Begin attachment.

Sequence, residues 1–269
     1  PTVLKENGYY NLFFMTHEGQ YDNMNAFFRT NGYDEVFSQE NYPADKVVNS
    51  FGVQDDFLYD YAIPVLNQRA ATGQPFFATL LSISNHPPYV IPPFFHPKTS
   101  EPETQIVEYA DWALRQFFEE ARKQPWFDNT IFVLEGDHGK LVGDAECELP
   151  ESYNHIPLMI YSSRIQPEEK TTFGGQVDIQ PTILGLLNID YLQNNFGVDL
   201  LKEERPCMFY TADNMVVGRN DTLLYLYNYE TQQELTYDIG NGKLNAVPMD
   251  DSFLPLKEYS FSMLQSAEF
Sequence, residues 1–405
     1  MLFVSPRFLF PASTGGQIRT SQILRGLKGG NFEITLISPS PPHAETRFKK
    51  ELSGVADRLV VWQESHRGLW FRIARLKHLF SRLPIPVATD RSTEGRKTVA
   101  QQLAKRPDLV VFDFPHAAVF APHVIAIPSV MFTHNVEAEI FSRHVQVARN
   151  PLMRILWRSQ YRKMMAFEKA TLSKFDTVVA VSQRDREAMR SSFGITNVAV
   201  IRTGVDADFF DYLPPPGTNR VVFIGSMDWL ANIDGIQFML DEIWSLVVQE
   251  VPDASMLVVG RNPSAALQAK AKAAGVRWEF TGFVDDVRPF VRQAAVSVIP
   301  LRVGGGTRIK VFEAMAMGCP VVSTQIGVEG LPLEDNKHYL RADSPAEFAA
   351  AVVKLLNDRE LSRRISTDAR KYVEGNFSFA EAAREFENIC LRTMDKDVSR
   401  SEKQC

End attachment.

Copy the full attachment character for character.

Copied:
Sequence, residues 1–269
     1  PTVLKENGYY NLFFMTHEGQ YDNMNAFFRT NGYDEVFSQE NYPADKVVNS
    51  FGVQDDFLYD YAIPVLNQRA ATGQPFFATL LSISNHPPYV IPPFFHPKTS
   101  EPETQIVEYA DWALRQFFEE ARKQPWFDNT IFVLEGDHGK LVGDAECELP
   151  ESYNHIPLMI YSSRIQPEEK TTFGGQVDIQ PTILGLLNID YLQNNFGVDL
   201  LKEERPCMFY TADNMVVGRN DTLLYLYNYE TQQELTYDIG NGKLNAVPMD
   251  DSFLPLKEYS FSMLQSAEF
Sequence, residues 1–405
     1  MLFVSPRFLF PASTGGQIRT SQILRGLKGG NFEITLISPS PPHAETRFKK
    51  ELSGVADRLV VWQESHRGLW FRIARLKHLF SRLPIPVATD RSTEGRKTVA
   101  QQLAKRPDLV VFDFPHAAVF APHVIAIPSV MFTHNVEAEI FSRHVQVARN
   151  PLMRILWRSQ YRKMMAFEKA TLSKFDTVVA VSQRDREAMR SSFGITNVAV
   201  IRTGVDADFF DYLPPPGTNR VVFIGSMDWL ANIDGIQFML DEIWSLVVQE
   251  VPDASMLVVG RNPSAALQAK AKAAGVRWEF TGFVDDVRPF VRQAAVSVIP
   301  LRVGGGTRIK VFEAMAMGCP VVSTQIGVEG LPLEDNKHYL RADSPAEFAA
   351  AVVKLLNDRE LSRRISTDAR KYVEGNFSFA EAAREFENIC LRTMDKDVSR
   401  SEKQC